Storytelling – J.R.R. Tolkien and Peter Jackson


Goodreads has a discussion strand with some 400+ comments addressing the following question: What do you think about Peter Jackson adding a new character in The Desolation of Smaug movie?

Peter Jackson is just continuing a storyteller’s tradition.

Oral storytelling predates the telling of stories by writing them in books and filming them in movies by millennia.

A Rose
A Rose

The Iliad, The Odyssey, Beowulf and The Epic of Gilgamesh all began their lives orally. And none of them sprang into being whole cloth, that is, complete in their modern form.

One can easily envision someone (Homer?) telling about a love affair. The lovers are given names, Paris and Helen. The following evening he tells of her husband’s revenge. On another evening, in front of another family’s fire, the author makes the characters royalty, one from a kingdom across the sea. And on still another, he adds a story he heard from someone else, a jealous competition among goddesses. Over a period of years, and maybe generations, you eventually get the version we read today.

The thing about oral storytelling is that the storyteller alters his/her story depending on the reaction of the audience. You embellish the parts the audience likes and dispense with, or alter, the parts they don’t like.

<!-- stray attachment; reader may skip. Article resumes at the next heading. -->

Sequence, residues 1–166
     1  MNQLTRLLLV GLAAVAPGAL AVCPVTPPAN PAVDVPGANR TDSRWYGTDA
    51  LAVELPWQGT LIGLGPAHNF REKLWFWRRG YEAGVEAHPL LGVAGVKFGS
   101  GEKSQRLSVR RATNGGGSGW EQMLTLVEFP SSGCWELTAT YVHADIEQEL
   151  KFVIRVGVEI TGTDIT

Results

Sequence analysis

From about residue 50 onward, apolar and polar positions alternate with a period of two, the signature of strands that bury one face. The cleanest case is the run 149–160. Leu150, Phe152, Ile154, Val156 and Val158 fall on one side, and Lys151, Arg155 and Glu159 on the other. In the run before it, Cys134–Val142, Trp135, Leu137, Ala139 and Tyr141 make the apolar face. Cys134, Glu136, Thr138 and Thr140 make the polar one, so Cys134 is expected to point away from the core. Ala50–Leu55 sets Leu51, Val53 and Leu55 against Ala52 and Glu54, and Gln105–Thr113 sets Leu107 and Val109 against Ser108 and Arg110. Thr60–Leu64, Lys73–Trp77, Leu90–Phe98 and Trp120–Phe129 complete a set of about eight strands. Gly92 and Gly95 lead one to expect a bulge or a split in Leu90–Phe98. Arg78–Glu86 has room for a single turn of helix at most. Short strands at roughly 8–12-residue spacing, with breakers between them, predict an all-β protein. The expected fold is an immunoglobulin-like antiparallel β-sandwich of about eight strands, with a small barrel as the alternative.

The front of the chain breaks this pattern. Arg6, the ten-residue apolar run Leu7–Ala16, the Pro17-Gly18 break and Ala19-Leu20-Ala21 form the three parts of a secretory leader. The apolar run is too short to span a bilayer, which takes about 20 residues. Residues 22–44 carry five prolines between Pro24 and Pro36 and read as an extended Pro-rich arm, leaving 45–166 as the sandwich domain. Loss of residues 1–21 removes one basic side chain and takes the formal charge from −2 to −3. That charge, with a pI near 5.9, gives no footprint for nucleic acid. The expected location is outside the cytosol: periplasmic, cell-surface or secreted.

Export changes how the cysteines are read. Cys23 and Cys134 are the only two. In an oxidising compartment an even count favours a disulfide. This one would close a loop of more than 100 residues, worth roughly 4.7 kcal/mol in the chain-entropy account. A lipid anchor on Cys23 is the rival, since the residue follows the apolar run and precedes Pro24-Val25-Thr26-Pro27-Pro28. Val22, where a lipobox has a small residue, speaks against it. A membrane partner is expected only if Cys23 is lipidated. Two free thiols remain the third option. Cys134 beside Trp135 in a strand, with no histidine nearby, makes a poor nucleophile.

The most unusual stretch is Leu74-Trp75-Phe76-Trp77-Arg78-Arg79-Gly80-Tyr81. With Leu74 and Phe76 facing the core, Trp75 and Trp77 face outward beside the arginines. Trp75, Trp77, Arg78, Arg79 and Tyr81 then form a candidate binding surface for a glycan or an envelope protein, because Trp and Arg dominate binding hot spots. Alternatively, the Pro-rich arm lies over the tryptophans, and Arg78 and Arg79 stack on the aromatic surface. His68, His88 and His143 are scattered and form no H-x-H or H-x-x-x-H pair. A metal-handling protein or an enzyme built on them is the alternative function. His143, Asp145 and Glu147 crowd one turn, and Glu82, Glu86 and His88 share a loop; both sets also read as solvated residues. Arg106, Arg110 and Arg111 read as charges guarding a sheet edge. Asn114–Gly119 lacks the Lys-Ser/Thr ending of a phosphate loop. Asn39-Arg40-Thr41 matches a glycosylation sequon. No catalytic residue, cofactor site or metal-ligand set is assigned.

Neither writers nor filmmakers go from start to finished product without editing their work. J. R. R. Tolkien didn’t do so and neither did Jackson.

I would imagine that Tolkien added in and edited out a number of characters while writing his saga of Middle Earth. (Aside from creating it in the first place.) Peter Jackson is continuing the tradition—telling a story according to his personal vision to reach those he considers his audience using his chosen medium as he sees fit.

Should the tales of Middle Earth be re-made into movies again in another generation or two, the director will change interpretations of characters according to his, or her, personal vision. That director will also add or subtract characters and change emphasis according to the audience.

And, when Frodo returns to the Shire after his adventures, will it be the Shire of Jackson or Tolkien?

We may or may not like what he did, or how he did it, but by “voicing” our opinions we are continuing the age-old practice of criticism.

If you don’t like Peter Jackson’s interpretation of Tolkien, aren’t you still happy he made the film rather than not? Would we be better off having no film version of Middle Earth, other than the animated tales? Or, think about it this way, if not Jackson then who? Woody Allen? Martin Scorsese? Oliver Stone? Kevin Costner? Ridley Scott? David Lynch? Quentin Tarantino? Lynne Ramsay? Ang Lee? Who?

Personally, I like the addition. A bright, good-looking, kick-ass redhead is an asset to any action movie.